I’m not sure what you’re trying to say here. In the Microsoft ABI, goto out of a catch block also calls into the unwinder. We have to run any destructors, and return from the funclet (catchret/cleanupret).

  • The call inside a _try is an invoke with EH edge. So it’s perfectly modeled.

If you call a nounwind function, the invoke will be transformed to a plain call. And we’re likely to infer nounwind in many cases (for example, functions that don’t call any other functions). There isn’t any way to stop this currently; I guess we could add one.

I’m sort of unhappy with the fact that this is theoretically unsound, but maybe the extra effort isn’t worthwhile, as long as it doesn’t impact any transforms we realistically perform. How much extra effort it would be sort of depends on what conclusion we reach for the “undefined behavior” part of this, which is really the part I’m more concerned about.

-Eli

Unwinding from SEH’s perspective is to invoke outer _finally. Take this simple example below:

volatile int* Fault = 0;

try {

try {

*Fault += 1;

}

__finally {

printf(" inner finally: Counter = %d\n\r", ++Counter);

goto t10;

}

__finally {

printf(" outer finally Counter = %d\n\r", ++Counter);

}

printf(" after outer try_finally: Counter = %d\n\r", Counter);

t10:;

Before the control gets to “t10:”, the outer _finally funclet is invoked by runtime. Detailed steps:

Reply inline.

First of all, I suggest you take some time to read through the first example in my wiki and understand the expected behavior of jumping-out-of-finally in SEH.

It will make our communication much easier.

More reply inline below; Started with [Ten]

UHi Ten,

Thanks for the writeup and implementation, nice to meet you.

I wonder if it would be best to try to discuss the features separately. My view is that catching hardware exceptions (/EHa) is critical functionality, but it’s not clear to me if local unwind is truly worth implementing. Having looked at the code briefly, it seemed like a large portion of the complexity comes from local unwind. Today, clang crashes on this small example that jumps out of a __finally block, but the intention was to reject the code and avoid implementing the functionality. Clang does, in fact, emit a warning:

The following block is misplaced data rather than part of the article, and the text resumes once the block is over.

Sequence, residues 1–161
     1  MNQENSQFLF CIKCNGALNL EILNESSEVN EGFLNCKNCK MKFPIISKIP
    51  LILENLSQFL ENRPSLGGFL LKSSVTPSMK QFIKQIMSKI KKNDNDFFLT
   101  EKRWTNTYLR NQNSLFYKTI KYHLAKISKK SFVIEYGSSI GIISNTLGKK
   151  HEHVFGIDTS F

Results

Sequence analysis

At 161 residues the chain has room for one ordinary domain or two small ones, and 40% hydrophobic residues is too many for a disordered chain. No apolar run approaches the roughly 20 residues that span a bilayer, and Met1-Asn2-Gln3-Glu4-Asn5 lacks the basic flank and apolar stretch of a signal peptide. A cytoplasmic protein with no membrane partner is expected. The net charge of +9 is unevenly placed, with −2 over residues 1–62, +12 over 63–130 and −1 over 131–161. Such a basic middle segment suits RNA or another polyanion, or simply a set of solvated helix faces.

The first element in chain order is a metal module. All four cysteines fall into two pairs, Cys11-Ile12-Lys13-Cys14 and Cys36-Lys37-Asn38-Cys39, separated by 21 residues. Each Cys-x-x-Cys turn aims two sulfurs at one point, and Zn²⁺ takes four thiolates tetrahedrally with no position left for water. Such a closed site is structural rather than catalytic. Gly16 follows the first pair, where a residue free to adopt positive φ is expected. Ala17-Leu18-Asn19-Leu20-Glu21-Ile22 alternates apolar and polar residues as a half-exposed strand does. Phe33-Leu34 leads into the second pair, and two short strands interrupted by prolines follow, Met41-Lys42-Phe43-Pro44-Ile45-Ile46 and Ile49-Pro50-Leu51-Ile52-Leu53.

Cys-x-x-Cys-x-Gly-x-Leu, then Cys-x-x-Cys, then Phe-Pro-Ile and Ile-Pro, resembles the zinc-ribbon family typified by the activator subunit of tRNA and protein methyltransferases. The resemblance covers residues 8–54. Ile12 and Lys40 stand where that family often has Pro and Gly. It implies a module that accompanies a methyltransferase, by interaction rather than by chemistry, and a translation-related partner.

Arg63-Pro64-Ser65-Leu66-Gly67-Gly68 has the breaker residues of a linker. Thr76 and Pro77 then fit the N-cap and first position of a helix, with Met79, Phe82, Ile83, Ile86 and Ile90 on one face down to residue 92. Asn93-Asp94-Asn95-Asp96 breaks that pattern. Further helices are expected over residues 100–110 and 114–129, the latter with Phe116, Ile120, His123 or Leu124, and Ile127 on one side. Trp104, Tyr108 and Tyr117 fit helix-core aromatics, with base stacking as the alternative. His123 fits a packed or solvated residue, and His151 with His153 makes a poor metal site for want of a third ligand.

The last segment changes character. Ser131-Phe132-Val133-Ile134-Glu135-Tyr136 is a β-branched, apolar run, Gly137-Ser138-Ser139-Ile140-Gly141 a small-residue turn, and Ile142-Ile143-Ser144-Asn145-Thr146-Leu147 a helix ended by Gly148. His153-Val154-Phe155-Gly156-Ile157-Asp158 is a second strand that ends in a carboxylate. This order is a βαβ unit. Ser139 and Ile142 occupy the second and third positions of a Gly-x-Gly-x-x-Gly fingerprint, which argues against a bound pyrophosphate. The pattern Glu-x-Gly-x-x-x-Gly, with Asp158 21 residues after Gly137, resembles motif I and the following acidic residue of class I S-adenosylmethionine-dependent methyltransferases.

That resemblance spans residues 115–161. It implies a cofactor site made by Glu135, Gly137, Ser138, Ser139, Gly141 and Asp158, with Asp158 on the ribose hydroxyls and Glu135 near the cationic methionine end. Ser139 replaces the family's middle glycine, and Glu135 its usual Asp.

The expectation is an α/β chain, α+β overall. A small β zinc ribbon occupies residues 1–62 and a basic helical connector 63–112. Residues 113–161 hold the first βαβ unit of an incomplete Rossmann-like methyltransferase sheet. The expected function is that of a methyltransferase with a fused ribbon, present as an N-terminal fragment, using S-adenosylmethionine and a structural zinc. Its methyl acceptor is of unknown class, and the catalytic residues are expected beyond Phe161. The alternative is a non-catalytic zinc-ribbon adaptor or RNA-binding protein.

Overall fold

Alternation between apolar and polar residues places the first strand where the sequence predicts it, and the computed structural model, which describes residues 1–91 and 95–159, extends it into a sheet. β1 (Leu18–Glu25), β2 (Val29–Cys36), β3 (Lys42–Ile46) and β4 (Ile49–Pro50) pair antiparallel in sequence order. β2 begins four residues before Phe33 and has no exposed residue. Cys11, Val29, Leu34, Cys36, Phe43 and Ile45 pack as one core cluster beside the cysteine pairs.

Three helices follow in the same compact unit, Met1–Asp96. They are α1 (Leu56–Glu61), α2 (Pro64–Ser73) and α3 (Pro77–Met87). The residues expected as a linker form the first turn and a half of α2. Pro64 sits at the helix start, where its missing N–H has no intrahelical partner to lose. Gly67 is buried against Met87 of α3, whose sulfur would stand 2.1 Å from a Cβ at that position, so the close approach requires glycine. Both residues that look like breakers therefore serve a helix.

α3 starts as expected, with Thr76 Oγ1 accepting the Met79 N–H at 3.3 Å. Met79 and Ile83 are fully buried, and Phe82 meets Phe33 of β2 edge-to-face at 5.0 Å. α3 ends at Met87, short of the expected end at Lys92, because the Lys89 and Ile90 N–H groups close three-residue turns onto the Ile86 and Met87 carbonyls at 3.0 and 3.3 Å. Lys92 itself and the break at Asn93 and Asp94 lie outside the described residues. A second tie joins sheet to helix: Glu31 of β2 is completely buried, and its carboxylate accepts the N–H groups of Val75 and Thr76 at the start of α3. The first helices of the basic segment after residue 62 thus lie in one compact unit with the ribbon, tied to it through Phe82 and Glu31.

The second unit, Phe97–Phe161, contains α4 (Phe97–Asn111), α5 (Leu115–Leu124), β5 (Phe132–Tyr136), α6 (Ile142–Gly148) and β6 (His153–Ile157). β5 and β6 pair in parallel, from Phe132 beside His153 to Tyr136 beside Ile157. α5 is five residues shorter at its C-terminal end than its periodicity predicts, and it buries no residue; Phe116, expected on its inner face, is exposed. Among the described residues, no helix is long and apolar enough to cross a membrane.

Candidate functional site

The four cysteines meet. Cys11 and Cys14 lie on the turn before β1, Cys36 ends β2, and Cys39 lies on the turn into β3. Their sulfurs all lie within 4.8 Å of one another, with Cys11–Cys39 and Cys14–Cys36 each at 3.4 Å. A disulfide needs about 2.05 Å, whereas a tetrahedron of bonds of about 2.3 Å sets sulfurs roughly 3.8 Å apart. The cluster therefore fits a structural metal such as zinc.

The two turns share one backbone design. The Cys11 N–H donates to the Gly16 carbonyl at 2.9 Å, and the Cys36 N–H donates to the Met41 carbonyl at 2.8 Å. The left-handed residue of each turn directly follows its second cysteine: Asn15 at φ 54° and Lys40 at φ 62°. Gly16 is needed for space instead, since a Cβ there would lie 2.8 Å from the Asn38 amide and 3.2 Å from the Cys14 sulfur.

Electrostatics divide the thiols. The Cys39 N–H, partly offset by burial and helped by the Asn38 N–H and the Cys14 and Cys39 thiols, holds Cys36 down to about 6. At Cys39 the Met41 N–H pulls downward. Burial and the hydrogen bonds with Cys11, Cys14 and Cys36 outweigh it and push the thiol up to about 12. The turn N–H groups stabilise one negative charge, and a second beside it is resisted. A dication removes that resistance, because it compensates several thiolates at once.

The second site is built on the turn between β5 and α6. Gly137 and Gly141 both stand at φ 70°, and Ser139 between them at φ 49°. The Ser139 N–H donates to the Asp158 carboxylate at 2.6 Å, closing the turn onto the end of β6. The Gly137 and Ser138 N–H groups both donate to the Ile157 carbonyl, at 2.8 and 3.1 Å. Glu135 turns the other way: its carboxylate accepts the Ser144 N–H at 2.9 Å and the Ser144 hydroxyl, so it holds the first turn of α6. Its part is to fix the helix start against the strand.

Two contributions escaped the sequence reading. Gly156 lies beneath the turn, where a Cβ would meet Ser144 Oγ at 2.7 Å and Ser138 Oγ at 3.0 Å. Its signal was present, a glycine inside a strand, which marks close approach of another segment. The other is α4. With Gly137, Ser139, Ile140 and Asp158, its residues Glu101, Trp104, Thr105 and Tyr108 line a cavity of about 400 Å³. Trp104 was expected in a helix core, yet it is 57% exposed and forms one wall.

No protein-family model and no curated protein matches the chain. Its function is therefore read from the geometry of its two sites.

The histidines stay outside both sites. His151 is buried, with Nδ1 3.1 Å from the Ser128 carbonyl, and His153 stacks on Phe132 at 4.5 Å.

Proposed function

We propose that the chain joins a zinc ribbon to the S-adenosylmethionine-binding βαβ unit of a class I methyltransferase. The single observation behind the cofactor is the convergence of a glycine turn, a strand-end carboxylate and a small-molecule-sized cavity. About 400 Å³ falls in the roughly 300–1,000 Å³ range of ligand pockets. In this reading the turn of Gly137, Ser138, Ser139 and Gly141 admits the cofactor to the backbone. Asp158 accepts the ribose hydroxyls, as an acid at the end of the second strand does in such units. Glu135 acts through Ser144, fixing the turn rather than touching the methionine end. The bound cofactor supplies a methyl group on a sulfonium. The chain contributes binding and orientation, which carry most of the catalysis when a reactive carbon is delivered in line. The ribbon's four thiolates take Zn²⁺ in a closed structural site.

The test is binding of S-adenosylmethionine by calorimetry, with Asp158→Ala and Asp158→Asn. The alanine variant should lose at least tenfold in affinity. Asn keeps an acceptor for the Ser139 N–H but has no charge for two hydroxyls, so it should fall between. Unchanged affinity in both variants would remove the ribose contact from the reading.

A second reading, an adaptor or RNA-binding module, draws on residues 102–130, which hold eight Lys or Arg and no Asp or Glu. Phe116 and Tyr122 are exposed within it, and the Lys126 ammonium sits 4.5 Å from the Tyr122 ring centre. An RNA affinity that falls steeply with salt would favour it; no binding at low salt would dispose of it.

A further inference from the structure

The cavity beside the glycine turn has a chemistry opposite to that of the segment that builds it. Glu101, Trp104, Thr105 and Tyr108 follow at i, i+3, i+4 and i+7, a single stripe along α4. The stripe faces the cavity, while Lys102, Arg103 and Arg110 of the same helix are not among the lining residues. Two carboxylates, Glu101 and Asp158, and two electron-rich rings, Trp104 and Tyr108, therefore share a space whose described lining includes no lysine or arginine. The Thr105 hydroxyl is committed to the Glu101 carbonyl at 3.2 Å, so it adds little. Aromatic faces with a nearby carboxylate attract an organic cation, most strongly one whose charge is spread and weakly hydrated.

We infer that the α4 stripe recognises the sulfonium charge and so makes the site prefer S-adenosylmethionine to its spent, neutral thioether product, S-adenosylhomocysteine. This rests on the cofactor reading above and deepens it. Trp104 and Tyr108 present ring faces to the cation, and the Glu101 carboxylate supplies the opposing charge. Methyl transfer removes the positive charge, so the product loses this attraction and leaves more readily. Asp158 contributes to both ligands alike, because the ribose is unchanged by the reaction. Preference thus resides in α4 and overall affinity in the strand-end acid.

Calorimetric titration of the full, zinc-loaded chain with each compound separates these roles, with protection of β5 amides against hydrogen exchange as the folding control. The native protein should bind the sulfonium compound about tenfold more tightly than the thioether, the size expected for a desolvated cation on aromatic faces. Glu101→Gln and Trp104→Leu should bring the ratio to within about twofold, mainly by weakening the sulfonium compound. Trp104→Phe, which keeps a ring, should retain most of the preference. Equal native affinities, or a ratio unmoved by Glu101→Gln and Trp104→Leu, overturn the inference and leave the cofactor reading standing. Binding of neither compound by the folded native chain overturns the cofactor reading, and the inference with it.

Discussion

$ clang -c t.cpp

t.cpp:7:7: warning: jump out of __finally block has undefined behavior [-Wjump-seh-finally]
goto lu1;
^

Local unwind, in my view, is the user saying, “I wrote __finally, but actually I decided I wanted to catch the exception, so let’s transfer to normal control flow now.” It seems to me that the user already has a way to express this: __except. I know the mapping isn’t trivial and it’s not exactly the same, but it seems feasible to rewrite most uses of local unwind this way.

Can you estimate the prevalence of local unwind? What percent of __finally blocks in your experience use non-local control flow? I see a lot of value in supporting catching hardware exceptions, but if we can avoid carrying over the complexity of this local unwind feature, it seems to me that future generations of compiler engineers will thank us.

Hi, Reid,

Nice to finally meet you😊.

Thank you for reading through the doc and providing insightful feedbacks.

Yes I definitely can separate these two features if it’s more convenient for everyone.

For now, the local_unwind specific changes can be separated and reviewed between these two commits:

git diff 9b48ea90f4c9ae7ef030719d6c0b49b00861cdde 06c81a4b6262445432a4166627b87bf595f5291b

the -EHa changes can be read :

git diff e943329ba00772f96fbc1fe5dec836cfd0707a38 9b48ea90f4c9ae7ef030719d6c0b49b00861cdde

My reply inline below in [Ten] lines.

–Ten